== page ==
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Ethanol Production Poised to Surge in US

President Bush has set ambitious goals to reduce the country's dependence on oil, and increase the use of alternative fuels like ethanol. VOA's Brian Wagner reports from Miami that experts are now at work to ensure there will be enough new supplies of ethanol to meet the demand.

A recent deal between the United States and Brazil to share ethanol technology marked a key step to expand the American market for alternative fuels. Brazil has built a strong local market for ethanol based on local sugar production, and U.S. officials are hoping to learn some lessons from its success.

Most U.S. ethanol is made from corn. And expanding ethanol production is crucial to President Bush's goal of reducing gasoline consumption in the country by 20 percent over the next 10 years.

"The president's goal has begun to shake up the energy sector," says Brian Dean, head of the Interamerican Ethanol Commission. "That's not just ambitious, it's audacious. We're going to start seeing policy initiatives immediately, I think. And with those policies, consideration needs to be given to our ability to create enough products to meet these very ambitious objectives of 35 billion (gallons). The United States only produced a little over five billion gallons last year, it consumed close to six billion. We're talking about a five-fold increase."

The United States is already looking for additional partners in Latin America to expand the ethanol sector. However, current U.S. policies restrict imports of ethanol and crops from the region, mainly because of pressure by U.S. farmers concerned about losing market share.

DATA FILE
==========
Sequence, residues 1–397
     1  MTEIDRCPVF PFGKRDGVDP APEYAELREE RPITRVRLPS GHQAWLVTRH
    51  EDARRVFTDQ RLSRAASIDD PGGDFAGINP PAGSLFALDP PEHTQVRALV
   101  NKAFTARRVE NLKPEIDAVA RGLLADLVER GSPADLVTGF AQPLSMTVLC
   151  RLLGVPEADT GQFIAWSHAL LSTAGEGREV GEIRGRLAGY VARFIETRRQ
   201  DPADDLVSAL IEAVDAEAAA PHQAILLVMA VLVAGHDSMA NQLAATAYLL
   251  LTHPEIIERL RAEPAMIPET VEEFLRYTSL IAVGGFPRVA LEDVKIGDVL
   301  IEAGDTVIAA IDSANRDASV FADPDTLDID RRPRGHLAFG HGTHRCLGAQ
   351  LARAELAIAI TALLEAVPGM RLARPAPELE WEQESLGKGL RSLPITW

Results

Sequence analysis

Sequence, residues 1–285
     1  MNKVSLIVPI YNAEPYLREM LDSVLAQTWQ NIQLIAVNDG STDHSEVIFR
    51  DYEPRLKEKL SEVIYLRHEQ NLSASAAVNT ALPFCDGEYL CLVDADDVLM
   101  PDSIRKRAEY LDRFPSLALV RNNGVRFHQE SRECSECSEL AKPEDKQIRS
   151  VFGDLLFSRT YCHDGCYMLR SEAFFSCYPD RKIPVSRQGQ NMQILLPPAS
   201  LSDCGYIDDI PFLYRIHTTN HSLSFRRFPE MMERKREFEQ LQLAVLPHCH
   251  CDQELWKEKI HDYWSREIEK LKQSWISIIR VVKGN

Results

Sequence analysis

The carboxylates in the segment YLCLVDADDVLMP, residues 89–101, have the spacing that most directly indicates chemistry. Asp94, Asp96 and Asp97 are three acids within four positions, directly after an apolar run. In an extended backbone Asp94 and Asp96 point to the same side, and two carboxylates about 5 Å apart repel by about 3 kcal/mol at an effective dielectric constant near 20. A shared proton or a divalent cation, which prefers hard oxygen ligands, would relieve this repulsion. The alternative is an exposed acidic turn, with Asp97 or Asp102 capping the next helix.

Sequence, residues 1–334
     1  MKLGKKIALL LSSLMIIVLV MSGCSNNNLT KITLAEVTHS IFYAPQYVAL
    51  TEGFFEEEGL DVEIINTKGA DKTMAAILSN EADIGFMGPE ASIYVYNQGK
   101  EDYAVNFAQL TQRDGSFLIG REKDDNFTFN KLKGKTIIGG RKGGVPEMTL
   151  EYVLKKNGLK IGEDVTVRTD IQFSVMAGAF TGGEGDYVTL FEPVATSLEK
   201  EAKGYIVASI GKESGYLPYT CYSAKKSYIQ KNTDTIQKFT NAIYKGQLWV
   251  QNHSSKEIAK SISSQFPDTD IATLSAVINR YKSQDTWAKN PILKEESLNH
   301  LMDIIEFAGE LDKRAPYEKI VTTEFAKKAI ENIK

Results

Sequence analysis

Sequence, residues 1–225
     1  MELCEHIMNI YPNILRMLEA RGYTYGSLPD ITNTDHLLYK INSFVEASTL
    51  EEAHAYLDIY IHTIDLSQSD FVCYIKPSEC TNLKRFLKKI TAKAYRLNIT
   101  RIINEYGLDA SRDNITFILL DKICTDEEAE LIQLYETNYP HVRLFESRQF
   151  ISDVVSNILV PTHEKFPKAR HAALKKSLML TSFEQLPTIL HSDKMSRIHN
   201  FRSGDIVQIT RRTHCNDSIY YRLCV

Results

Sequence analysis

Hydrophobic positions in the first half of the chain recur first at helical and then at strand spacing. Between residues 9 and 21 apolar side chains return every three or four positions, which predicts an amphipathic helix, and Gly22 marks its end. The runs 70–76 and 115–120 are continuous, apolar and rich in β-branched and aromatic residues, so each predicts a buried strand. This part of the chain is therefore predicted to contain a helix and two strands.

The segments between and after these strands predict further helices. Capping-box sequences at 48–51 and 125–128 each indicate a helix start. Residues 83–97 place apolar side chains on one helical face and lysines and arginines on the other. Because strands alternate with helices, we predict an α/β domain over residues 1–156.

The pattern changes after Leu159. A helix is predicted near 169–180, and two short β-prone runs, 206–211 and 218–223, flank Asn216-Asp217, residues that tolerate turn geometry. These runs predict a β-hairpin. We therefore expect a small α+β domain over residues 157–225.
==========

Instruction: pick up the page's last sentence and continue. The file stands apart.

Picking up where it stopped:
Dean says the supply of ethanol from corn and other domestic farm crops will not be enough to meet the Mr. Bush's goals. "But clearly, corn alone, sugar cane alone, or any single feedstock that is agricultural is not going to be able to satisfy the market," he notes. "Clearly the future of ethanol lies in a holistic approach that contemplates agricultural sources, but also the cellulosic technologies. There needs to be an expansive view of ethanol."

Cellulosic ethanol is derived from biomass or plant waste, such as bagasse from sugar cane. Experts are still working to improve the process. But within a few years, it could expand the market place for fuels, says George Philippidis, associate director of the Applied Resarch Center at Florida International University.

"Where depending on what kind of raw material you have in each part of the country or the world, the [processing] plant will feed on that,"  he explains. " For instance, south Florida is very rich in bagasse [sugarcane waste]. Central Florida has a lot of citrus peel."

Philippidis says the technology to make ethanol from such waste products is still a few years away. But he says it will be needed to reduce demand for corn, sugar, and other farm products. Already, the rising interest in ethanol has been blamed for a jump in prices for corn tortillas in Mexico.

Philippidis says we can expect to see more market fluctuations.

"The free market operates that way. We're going to see the ups and downs until we have a demand and supply that are in sync. But that doesn't scare me, it doesn't concern me. That's a natural cycle that the market is going to go through," he says.

Experts say the move away from an oil-based energy market will help reduce pollution and increase energy security. But, as long as demand for ethanol remains high, consumers should expect not to see much savings at the gas pump.

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